J Curr Surg
Journal of Current Surgery, ISSN 1927-1298 print, 1927-1301 online, Open Access
Article copyright, the authors; Journal compilation copyright, J Curr Surg and Elmer Press Inc
Journal website http://www.currentsurgery.org


Volume 1, Number 1, December 2011, pages 1-6

Current Surgical Management of Colorectal Cancer Liver Metastases: A Mini Review

Theodoros E Pavlidisa, b, Nikolaos G Symeonidisa, Kyriakos Psarrasa, Efstathios T Pavlidisa, Athanasios K Sakantamisa

aSecond Surgical Propedeutical Department, Medical School, Aristotle University of Thessaloniki, Hippocration Hospital, Konstantinoupoleos 49, 54642 Thessaloniki, Greece
bCorresponding author: Theodoros E Pavlidis, A Samothraki 23, 542 48 Thessaloniki, Greece

Manuscript accepted for publication November 10, 2011
Short title: CR Liver Metastases
doi: https://doi.org/10.4021/jcs106e


Colorectal cancer is responsible for 10% of cancer related deaths and is the third most common cancer type in men and the second in women. Metastatic disease will develop in nearly 60% of patients with colorectal cancer, half of which will be located in the liver. At least 30% of the patients who underwent potentially curative primary tumor resection have liver micrometastases. A PubMed search of relevant articles published up to 2011 was performed to identify current information about colorectal liver metastases regarding diagnosis and management with emphasis to surgery. The results shows that hepatectomy is the only potentially curative option resulting in 5-year survival for one third of the patients, but only 10 - 30% of the patients are suitable for a radical procedure. Indications include ability to resect the tumor without residual disease, with removal of at least 1 cm of healthy tissue and clear margins, and the absence of extrahepatic metastatic disease. Specialized centers achieve mortality rate less than 5% and morbidity 20 - 50%. 5-year survival following hepatic resection is 25 - 40% with mean survival of 28 - 40 months. We conclude that current management of colorectal cancer liver metastases requires a multidisciplinary approach. Operative strategies and novel techniques that achieve wider excision areas with minimal blood loss make hepatectomy safe and effective.

Keywords: Advanced colorectal cancer; Liver metastases; Hepatic metastasis; Hepatectomy; Surgical management; Curative resection


Colorectal cancer, which is the third most common cancer type in men and the second in women, appears with increasing frequency and is responsible for approximately 10% of cancer-related deaths. 60% of colorectal cancer patients will develop metastatic disease, half of which will be located in the liver. While the lung is the most common extra-abdominal metastatic site, other less frequent metastatic locations such as the brain, bones, ovaries, penis and adrenal glands have been reported [1-3]. A multidisciplinary approach using of all modalities improves the short and long-term outcome [4-7].

Hepatic metastases

Early diagnosis of liver metastases from colorectal cancer is very important for effective treatment. A proteomic analysis of differentially expressed proteins, which were closely related to such metastasis, has been recently introduced. The elevation of arginase has been proposed as an early molecular marker of predictive value [8]. FasL gene expression has also been proposed as a marker of aggressive biological behavior that facilitates liver metastasis and indicates resistance to chemotherapy [9]. The level of cell membrane phospholipids and protein kinase C isoenzyme expression has been used as another molecular marker [10]. At least 30% of the patients who underwent potentially curative resection of the primary tumor have liver micrometastases. Prompt diagnosis during the course of the postoperative follow-up is essential for effective treatment. The patients should be followed-up every 3 - 6 months for the first 3 years and once every year thereafter. It is recommended that tumor marker CEA should be monitored in a very defined population, especially when elevated levels are found preoperatively and could be valuable in early recognition of metastases [1].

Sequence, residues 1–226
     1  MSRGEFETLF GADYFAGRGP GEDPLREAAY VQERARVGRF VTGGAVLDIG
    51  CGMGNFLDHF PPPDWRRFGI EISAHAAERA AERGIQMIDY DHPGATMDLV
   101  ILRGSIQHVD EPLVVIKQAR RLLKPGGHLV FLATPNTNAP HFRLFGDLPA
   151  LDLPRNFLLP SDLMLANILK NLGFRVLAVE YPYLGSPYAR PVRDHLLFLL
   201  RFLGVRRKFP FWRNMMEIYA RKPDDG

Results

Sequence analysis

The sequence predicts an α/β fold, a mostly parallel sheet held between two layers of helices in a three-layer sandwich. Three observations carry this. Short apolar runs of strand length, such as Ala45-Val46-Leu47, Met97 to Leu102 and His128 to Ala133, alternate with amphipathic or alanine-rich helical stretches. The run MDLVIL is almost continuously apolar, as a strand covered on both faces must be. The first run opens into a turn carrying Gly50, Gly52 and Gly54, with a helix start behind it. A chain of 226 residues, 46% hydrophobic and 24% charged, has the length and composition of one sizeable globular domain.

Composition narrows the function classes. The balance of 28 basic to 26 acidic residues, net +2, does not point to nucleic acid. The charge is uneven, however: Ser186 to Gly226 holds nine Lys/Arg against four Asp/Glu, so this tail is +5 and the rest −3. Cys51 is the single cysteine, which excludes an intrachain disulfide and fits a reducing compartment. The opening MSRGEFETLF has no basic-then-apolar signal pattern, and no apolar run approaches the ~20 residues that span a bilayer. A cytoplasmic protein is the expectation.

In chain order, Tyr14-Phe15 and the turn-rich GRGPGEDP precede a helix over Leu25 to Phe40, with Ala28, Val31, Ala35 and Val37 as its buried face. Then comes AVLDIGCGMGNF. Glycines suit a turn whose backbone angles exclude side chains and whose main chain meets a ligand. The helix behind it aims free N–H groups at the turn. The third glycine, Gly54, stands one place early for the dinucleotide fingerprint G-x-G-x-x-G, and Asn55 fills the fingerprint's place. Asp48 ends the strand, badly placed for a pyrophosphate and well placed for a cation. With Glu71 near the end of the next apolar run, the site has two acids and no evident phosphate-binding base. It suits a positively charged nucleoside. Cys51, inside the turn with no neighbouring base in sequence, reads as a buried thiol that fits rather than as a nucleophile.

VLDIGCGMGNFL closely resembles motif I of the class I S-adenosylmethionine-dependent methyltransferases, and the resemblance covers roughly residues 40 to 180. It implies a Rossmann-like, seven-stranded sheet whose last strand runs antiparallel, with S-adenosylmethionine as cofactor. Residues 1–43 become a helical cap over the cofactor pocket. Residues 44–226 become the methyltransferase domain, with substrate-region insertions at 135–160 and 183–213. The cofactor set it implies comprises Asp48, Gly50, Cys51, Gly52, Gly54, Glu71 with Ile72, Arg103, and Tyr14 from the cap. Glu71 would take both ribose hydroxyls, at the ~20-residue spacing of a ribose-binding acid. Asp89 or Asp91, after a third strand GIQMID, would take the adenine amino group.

Ultrasonography (US), computerized tomography (CT, CT portogram) and magnetic resonance imaging (MRI) aid diagnosis and hepatic metastasis staging. Full-body fluorodeoxyglucose positron emission tomography (FDG-PET) is currently used for the staging of hepatic metastases and is based on the fact that cancer cells utilize more glucose than normal cells. It is an essential study in staging for more intrahepatic, portal nodal, distant nodal and extrahepatic disease. FDG-PET can provide a helpful adjunct to CT in detecting extrahepatic metastases and also in making classic staging more accurate. Nevertheless, it does not seem to provide further information for the determination of the extent of metastatic disease in the liver parenchyma [1]. It has been reported that FDG-PET added further diagnostic value by 38% reduction in futile laparotomies [11]. Integrated PET/CT is another novel diagnostic modality currently available in better preoperative staging and restaging during follow-up after curative resection. Although, its exact clinical value and efficacy has not defined yet, it is related with promising results [12].